Photo montage by Theo Eshetu

On delivery of the finished film, I was due my final bit of pay, which in any event was very modest, but which I needed.  Enzo issued what in Italian is called a ricatto, basically a little slice of extortion, and told me he’d give me half my pay then, and then I’d get the other half after the Venice festival if I didn’t say anything bad about him or his production company, Alia film; otherwise he’d give it to a lawyer to sue me.   Playing the Italian film press for PR, he had previously planted stories that there were “problems” during the production, on the old “any PR is good PR” angle.   Arriving in Venice, Porcelli lurked around the edges of things while Eliana Miglio, the lead actress, and I and the others played the publicity game.  At the press conference I was immediately asked about “the problems” in the production, to which I replied that I couldn’t answer any questions because my producer would not pay me if I said anything bad.  End of press conference.

Andrea, Eliana Miglio, Paolo Glisenti (son, mother, husband)

The film played at the festival, and while a few far left critics gave it a nice review, the others were negative to scathing.  The film was called Un a te, uno a me, e uno a Rafaelle,  a line drawn from an early newspaper item at the beginning of the Mani Pulite scandal, in play at the time.  Had the film dealt with dirty doings from higher ups, which is what the scandal was about – corruption in the governing party, kick-backs, etc. -  instead of what I did, dwelling on the little everyday corruptions which make those at the top seem “normal,” I am pretty sure they would have lapped it up.  But I suggested it wasn’t the thugs at the top – Craxi and all – who made Italy dirty, it was Italian life itself that made such corruptions inevitable.  This was all done in a light-handed manner, a kind of comedy of manners, though there was one serious scene in which a character vaguely patterned on Raul Gardini internally presents to himself and the viewer the kinds of arguments that were used by people to justify their behaviors; in a subsequent scene the character shoots himself.  Gardini was a very big, well-known, dashing businessman, who ran an Italian yacht in the America’s Cup, but was deeply mired in the myriad scandals of Mani Pulite.  He committed suicide, which shocked the nation.  Perhaps my glancing intimations of this cut too deeply at the time for many.   Many of those critical were writers who were very pleased with my less-than-happy critiques of my America, but were disturbed when I brought the same eye to bella Italia. They tended to say I didn’t really know Italy well (even if Edoardo had written the most biting of the commentary).  It depends on whose bull is being gored it seems.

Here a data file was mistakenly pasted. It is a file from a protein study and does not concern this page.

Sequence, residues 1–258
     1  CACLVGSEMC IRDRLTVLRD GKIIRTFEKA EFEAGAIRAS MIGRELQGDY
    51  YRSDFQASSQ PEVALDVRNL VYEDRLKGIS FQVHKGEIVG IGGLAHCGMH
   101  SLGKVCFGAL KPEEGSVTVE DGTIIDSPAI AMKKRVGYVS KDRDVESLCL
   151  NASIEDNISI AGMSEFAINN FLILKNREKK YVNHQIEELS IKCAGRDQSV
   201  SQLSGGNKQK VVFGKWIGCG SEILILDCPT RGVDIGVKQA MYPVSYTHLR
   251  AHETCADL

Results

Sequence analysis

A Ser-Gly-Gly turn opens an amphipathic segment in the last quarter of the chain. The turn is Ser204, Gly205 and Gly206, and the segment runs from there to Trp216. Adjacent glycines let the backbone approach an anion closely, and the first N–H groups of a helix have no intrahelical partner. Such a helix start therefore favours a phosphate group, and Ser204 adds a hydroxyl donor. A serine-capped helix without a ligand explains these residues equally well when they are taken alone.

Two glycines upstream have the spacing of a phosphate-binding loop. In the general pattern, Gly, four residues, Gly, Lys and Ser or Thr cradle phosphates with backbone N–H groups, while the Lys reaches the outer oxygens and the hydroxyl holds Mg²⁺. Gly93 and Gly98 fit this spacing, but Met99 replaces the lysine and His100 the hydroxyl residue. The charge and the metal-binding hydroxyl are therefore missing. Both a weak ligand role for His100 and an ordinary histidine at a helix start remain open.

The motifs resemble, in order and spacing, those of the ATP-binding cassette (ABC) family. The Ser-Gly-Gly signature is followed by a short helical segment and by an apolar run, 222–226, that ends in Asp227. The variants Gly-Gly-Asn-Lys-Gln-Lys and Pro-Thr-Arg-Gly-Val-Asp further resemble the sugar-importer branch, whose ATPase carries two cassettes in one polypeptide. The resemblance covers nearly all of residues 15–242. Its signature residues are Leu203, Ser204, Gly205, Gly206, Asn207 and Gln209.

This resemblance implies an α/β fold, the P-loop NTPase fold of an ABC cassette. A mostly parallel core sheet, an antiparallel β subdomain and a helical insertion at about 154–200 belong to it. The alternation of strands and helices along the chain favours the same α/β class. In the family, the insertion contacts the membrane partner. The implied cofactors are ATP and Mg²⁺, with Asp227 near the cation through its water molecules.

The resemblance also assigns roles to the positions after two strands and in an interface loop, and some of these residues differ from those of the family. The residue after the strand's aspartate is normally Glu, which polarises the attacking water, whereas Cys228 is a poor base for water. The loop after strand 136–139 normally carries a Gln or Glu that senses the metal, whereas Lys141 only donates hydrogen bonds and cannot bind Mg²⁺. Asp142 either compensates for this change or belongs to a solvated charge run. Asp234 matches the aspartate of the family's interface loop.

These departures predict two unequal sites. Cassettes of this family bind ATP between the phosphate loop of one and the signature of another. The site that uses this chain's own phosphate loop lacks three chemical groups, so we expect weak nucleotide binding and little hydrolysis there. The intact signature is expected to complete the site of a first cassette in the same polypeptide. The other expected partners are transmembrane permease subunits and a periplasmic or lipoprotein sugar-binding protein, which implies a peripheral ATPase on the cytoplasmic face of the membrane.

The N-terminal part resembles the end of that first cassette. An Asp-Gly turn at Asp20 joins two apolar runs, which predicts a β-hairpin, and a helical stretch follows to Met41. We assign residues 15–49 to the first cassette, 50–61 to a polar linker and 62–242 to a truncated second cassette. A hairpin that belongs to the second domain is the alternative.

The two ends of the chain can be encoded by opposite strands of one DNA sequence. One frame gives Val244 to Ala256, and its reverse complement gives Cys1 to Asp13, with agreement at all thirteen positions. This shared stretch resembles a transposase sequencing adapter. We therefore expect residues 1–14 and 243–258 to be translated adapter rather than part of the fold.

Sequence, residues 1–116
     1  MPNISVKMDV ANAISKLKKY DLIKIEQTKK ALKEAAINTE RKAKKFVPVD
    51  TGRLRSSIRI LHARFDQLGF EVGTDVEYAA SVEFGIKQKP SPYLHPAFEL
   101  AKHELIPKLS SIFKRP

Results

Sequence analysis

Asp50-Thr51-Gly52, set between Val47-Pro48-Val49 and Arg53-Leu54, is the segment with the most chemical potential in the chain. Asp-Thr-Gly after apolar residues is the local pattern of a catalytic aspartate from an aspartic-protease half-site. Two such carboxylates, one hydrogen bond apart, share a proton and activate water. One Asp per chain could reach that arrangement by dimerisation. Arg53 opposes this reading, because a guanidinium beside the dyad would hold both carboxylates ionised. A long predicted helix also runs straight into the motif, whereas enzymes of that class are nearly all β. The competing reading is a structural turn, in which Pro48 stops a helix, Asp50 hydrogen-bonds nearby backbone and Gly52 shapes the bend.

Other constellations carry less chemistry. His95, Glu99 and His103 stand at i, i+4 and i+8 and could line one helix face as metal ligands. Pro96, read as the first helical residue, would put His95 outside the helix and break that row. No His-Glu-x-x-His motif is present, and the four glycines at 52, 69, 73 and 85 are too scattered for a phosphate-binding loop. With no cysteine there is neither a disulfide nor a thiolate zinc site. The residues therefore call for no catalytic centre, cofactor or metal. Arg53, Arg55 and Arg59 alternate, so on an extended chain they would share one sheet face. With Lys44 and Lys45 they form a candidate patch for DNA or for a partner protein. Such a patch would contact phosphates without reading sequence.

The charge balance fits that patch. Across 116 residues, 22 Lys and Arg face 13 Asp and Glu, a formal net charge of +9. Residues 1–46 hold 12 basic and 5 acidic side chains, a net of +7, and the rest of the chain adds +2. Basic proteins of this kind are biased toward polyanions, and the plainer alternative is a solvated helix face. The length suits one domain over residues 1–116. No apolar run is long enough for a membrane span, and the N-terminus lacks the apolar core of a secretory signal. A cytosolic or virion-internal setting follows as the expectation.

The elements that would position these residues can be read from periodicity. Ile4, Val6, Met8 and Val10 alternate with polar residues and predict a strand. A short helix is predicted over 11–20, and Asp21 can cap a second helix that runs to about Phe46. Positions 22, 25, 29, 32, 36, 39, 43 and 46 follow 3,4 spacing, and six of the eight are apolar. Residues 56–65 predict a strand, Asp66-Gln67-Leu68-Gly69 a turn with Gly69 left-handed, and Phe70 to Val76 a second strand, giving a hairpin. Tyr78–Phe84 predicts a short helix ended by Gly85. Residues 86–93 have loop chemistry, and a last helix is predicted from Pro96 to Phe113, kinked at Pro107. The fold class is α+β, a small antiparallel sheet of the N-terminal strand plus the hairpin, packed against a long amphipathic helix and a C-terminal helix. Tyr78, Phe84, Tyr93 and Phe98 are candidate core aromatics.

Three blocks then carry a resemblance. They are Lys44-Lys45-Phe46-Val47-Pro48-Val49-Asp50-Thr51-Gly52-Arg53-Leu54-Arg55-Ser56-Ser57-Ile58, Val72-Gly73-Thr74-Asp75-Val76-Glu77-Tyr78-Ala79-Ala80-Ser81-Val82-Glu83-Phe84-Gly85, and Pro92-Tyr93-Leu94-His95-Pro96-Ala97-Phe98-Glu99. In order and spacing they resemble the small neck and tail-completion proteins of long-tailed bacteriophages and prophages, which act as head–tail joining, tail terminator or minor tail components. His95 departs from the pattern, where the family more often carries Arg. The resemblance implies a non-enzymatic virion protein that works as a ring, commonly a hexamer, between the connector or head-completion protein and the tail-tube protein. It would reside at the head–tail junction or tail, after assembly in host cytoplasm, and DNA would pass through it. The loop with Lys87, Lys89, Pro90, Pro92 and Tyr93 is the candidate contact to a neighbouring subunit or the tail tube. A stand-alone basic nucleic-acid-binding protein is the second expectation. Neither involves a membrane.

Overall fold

Raul Gardini celebrating a yachting victory

On the contractual date that Porcelli was supposed to cough up the balance of my delayed paycheck, nothing was forthcoming – nothing surprising about this in Italy.  I wrote him then and said we had a few choices:  we could go to court, and we’d both be dead before it was resolved; we could go to the press, and he being Italian, and Italy being Italy, he’d win in any such lopsided contest; or I could request that RAI 3 audit his production, which they had been led to believe was budgeted at $750,000 but of which only their $250,000 part,  plus another 30K from my leading star’s husband’s production company had actually been present.  Little Pigs promptly paid up the remaining sum.